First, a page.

In the 1960s, many analysts believed that the number of states with nuclear weapons would increase to around two dozen. That prediction has fallen well short, owing largely to the treaty, according to Stoutland, who is vice president for scientific and technical affairs at the NTI.
"It has created a barrier to many states who might be thinking about their own weapons program," he said.
Are we safer than we were in the Cold War?
Experts and campaigners are still divided on the safety and necessity of modern-day nuclear weapons.
Some, like Bidwell, say that the technology is beneficial as it has stopped world powers entering into full-blown wars with each other. Others, such as Rauf, say that instead we have merely fought proxy wars in places such as Vietnam and Afghanistan.
Meanwhile, there are still believed to be around 4,300 nuclear weapons deployed at active bases worldwide. As many as half of America's deployed weapons are believed to be on a so-called "hair-trigger alert," meaning they can be launched within minutes if necessary.
"This increases the risk of an accidental or mistaken launch with potentially catastrophic outcomes," according to the Union of Concerned Scientists, a Massachusetts-based nonprofit organization.
Most agree, however, the threat of Washington and Moscow willfully engaging in mutually-assured destruction has dipped significantly since the early 1990s.
"Despite the situation in Crimea and Eastern Ukraine, it's not really conceivable that U.S. and Russia would use nuclear weapons against each other in that scenario," said Stoutland at the NTI.
While the bomb was first used as a weapon of war in 1945, Bidwell said its main use is now as a "political weapon," shaping geopolitics while remaining safely in its launcher.
"No one intends to use it until they absolutely have to," said Bidwell, who also served as a naval officer in the 1980s.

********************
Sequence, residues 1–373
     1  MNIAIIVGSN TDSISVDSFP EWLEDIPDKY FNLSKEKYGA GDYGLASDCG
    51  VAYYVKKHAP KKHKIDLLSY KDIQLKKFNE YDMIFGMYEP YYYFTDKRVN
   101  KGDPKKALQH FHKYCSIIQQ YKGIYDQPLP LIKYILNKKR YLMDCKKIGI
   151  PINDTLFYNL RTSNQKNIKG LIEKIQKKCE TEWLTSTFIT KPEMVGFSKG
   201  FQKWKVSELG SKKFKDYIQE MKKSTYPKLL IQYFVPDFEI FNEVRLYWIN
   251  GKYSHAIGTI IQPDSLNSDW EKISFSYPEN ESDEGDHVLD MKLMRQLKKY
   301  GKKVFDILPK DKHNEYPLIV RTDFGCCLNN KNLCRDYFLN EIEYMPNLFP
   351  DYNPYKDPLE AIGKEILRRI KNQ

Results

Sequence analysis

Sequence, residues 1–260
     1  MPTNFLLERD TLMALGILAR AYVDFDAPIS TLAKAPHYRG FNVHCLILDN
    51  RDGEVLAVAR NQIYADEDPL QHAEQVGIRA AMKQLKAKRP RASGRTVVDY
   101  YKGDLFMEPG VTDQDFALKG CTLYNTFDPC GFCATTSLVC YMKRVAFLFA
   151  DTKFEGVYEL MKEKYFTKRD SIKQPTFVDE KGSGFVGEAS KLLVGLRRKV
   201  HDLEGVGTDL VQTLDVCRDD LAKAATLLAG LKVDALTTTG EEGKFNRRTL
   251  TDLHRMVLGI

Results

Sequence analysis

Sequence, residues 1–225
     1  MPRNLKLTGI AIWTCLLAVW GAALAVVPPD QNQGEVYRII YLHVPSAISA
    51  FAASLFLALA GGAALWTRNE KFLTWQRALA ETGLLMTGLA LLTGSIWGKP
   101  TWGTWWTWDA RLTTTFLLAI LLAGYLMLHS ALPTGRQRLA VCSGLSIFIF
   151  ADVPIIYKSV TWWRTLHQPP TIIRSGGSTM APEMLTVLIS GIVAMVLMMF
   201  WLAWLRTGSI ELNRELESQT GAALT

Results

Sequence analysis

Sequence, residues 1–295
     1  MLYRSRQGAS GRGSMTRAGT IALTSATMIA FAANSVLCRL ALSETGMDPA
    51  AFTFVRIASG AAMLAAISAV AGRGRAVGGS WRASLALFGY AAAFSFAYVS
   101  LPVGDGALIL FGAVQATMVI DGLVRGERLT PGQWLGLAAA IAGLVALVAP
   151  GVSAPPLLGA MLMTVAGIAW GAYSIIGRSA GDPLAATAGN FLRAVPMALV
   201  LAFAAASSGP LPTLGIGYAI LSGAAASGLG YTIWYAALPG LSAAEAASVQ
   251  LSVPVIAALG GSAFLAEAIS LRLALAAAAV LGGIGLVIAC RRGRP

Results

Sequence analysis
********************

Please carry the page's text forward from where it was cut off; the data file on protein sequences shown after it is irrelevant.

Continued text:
What about a nuclear bomb being detonated by accident?
It is well documented that the Cold War was pock-marked with several terrifying near-misses.
A year before the Cuban Missile Crisis of 1962, the U.S. accidentally dropped two hydrogen bombs over North Carolina after a B-52 bomber broke up midair. A low-voltage switch was all that stopped the four-megaton devices detonating over the Eastern Seaboard, averting a likely cataclysm involving millions of Americans, according to documents released under the Freedom of Information Act.
The Soviet Union had its own mishaps. In 1983, its newly developed early-warning system wrongly detected the launch of intercontinental ballistic missiles from America. It was only one Soviet air force officer who identified the error and was credited with preventing a possible retaliation.
"We made it by the skin of our teeth though an intense arms race with the Soviet Union," according to Dr. Robert Standish Norris, a senior fellow at the Federation of American Scientists.
Many analysts believe this threat has not diminished entirely. Creaking Cold War technology still underpins the nuclear arsenal of the U.S. and Russia, hence the eagerness to upgrade their infrastructure.
"People do things they don't mean to do, and nuclear weapons systems are very complex," Stoutland added, spelling out the recipe for what he says is the minimal but existential threat of an accident. "It's difficult to have complete assurance that something cannot go wrong."
What about terrorists and other non-state actors?
After the post-Cold War entente, and particularly after 9/11, the global focus shifted to stopping militant organizations getting hold a nuclear bomb.
The U.S. was especially keen to stamp out the potential nightmare scenario of someone detonating a small nuclear device in the center of one of its major cities.
Organizations such as the International Atomic Energy Agency (IAEA) have been central in "the global effort to lock up the materials that could be used to make a nuclear weapon," Stoutland said. "This still remains a concern but a lot of progress has been made in the past few decades," he added.
However, as that threat has decreased, a new one has sprung up in its place: cyber security.
"One of the key issues is that command and control systems are so complex that one cannot be 100 percent confident that the system is secure," Stoutland added.
Cyber attacks could interrupt a nation's ability to communicate launch orders, trick a radar system into believing there was an imminent attack, or take direct control of a weapon.
"This is certainly an emerging problem," Stoutland added. "But I'm confident there are plenty of people within the American and Russian governments who are focused on this exact issue."